As I have mentioned several times here, I much prefer to ride my bike on the lakefront to get my cardio workout – along with the exquisite pleasure of simply riding a bicycle – to anything I can do in the health club. Of course, as an adult, I realize that we don’t always get what we want when we want it. So when the weather doesn’t permit, I have to forgo cycling and visit the health club. This is not my idea of a good time and I try to get as much work done in the shortest amount of time.
Hence, this item on the Schwinn Airdyne exercise bike.
Photo from the Schwinn website.
As you can see from the illustration, there are hand holds so that you can work your arms while you pedal. There is also a computer on board that counts your calories.
I like the machine for a number of reasons. First, it feels like riding a bike which I love. You pedal and sense the front wheel spinning. That wheel generates wind that comes rushing at you as you pedal. It is cooling and gives a nice physical feedback for your work. Second, because your arms are engaged, you are getting extra cardio work done. More bang for the buck. Without too much difficulty you can get a good rate going. Lastly, it is a no impact workout, so you aren’t damaging anything in your feet or legs. As a former runner, I really appreciate that.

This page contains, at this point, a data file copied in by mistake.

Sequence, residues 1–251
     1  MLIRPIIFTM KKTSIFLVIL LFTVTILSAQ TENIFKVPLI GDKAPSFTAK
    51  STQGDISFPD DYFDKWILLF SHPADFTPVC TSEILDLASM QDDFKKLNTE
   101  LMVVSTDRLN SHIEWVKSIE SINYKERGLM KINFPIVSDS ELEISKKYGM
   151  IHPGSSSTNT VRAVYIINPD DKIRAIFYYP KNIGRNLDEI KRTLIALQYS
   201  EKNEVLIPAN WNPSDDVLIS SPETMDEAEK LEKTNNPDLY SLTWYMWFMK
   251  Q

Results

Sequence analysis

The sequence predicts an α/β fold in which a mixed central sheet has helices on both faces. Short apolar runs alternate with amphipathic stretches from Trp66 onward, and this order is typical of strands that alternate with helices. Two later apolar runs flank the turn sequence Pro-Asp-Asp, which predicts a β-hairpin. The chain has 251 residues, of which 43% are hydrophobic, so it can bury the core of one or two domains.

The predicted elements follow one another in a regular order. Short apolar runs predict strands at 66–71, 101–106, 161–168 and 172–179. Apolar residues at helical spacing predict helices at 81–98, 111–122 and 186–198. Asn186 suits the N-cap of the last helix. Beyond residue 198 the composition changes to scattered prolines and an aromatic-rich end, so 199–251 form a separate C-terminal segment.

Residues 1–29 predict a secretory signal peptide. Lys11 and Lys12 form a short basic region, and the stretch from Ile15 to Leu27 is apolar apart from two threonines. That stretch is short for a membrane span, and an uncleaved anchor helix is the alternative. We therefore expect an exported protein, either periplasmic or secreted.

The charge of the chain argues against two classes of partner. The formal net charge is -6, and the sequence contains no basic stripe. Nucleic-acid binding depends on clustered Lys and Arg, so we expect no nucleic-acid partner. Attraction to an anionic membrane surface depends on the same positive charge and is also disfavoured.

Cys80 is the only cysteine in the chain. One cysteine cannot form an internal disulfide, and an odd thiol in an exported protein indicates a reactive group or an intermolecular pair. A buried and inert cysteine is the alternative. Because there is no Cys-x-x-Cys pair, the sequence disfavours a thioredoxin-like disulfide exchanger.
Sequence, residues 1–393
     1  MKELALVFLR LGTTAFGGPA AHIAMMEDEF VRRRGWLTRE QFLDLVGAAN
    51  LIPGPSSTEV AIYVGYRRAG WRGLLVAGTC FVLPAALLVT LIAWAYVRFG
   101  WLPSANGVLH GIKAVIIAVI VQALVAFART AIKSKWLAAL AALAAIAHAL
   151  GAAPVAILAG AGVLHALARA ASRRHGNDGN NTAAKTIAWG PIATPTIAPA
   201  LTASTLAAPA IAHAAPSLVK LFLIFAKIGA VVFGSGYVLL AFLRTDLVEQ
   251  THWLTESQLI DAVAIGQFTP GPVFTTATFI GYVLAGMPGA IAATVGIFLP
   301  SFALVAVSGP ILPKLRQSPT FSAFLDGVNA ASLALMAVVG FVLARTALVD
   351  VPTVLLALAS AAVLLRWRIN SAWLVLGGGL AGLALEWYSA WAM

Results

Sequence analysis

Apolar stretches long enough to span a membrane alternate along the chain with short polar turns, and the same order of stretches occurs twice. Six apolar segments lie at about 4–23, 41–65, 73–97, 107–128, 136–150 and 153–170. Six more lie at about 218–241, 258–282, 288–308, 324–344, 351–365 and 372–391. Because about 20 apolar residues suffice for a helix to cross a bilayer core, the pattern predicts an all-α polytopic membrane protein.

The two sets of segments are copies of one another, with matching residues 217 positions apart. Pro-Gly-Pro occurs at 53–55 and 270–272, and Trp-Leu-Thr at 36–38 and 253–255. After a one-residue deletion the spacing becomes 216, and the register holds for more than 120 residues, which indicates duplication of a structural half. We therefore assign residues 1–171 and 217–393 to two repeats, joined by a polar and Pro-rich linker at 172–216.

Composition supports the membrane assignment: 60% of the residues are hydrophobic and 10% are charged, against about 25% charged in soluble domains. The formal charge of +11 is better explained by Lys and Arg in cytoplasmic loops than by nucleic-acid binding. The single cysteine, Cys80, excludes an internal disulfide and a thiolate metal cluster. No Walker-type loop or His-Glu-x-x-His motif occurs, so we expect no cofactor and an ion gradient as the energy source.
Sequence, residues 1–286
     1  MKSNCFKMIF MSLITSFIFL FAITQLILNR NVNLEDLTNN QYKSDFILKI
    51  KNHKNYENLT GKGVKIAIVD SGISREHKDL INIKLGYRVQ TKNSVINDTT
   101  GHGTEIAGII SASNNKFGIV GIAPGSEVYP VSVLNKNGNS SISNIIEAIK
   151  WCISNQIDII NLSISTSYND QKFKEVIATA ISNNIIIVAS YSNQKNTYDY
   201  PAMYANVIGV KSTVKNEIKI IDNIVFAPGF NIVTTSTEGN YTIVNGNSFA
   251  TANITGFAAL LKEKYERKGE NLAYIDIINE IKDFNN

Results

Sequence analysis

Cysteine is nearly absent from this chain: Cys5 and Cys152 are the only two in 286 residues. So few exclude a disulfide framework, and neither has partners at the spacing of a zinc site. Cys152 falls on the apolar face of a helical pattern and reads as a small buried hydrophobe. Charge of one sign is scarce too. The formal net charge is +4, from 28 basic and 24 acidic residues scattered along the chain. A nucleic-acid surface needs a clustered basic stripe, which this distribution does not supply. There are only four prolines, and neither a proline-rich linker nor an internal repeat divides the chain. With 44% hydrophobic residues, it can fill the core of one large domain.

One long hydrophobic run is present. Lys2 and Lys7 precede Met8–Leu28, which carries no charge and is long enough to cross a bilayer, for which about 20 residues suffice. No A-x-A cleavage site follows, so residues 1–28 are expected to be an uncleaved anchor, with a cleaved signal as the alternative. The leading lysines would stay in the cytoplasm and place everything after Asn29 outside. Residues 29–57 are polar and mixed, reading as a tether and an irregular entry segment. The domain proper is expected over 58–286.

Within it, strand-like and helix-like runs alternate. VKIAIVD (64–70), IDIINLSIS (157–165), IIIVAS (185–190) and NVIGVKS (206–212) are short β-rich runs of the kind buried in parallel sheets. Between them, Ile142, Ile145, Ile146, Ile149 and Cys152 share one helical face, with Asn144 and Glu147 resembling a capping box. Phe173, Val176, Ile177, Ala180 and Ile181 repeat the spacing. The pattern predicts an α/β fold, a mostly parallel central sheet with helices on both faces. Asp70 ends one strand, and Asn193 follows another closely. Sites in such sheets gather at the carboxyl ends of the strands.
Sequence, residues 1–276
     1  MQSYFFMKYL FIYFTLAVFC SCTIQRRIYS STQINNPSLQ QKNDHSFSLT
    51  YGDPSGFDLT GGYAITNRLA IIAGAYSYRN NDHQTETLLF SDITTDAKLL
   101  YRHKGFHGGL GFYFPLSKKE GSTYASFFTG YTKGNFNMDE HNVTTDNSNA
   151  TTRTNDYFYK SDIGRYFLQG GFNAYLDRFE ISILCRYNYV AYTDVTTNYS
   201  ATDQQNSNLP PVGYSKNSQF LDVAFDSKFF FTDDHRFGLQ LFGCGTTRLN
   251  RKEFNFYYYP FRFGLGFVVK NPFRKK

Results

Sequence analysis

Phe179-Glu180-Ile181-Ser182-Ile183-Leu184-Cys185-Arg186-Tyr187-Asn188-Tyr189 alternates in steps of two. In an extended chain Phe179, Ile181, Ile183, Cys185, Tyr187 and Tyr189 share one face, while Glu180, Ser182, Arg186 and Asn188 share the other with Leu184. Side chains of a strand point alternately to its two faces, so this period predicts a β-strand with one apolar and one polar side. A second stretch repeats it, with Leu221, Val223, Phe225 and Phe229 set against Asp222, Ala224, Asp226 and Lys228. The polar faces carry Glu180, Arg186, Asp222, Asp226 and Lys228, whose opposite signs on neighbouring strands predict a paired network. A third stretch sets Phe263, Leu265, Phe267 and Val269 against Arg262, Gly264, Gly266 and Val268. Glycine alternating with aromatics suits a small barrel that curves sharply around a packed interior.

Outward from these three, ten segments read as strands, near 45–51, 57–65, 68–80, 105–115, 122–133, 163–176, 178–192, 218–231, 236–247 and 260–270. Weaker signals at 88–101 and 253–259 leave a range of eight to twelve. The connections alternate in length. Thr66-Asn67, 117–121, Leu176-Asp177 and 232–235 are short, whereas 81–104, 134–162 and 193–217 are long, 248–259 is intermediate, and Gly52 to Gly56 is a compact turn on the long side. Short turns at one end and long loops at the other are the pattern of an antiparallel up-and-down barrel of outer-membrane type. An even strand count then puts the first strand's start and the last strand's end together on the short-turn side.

I like the machine because I can burn 300 calories in 30 minutes while keeping my heart rate in the zone. I think that is very efficient payment for my effort. To do better on a treadmill you need to be running, which I don’t want to do.
Finally, a word about those calorie counters on exercise machines. My understanding is that unless they have a place to input your weight, they default to a 150 pound person. That is important to know because if you happen to be a 180 pound man, you are doing 20 percent more work than a 150 pound man so you can increase the calorie count by 20 percent. Your workout is 20 percent harder than the guy who weighs 150.
Enjoy your workout!
This note was written on October 19, 2011. I have recently learned that while the cardio exercise on the bike is worthwhile, it is not weight-bearing. As a result it does not protect your bones against osteoporosis. You can use the bike to burn calories, but be sure that you are also getting weight-bearing cardio, too. Go walk a couple of miles on the treadmill. Walking is weight-bearing exercise. You could also not be a dumb bell and lift a few, too. It couldn’t hurt.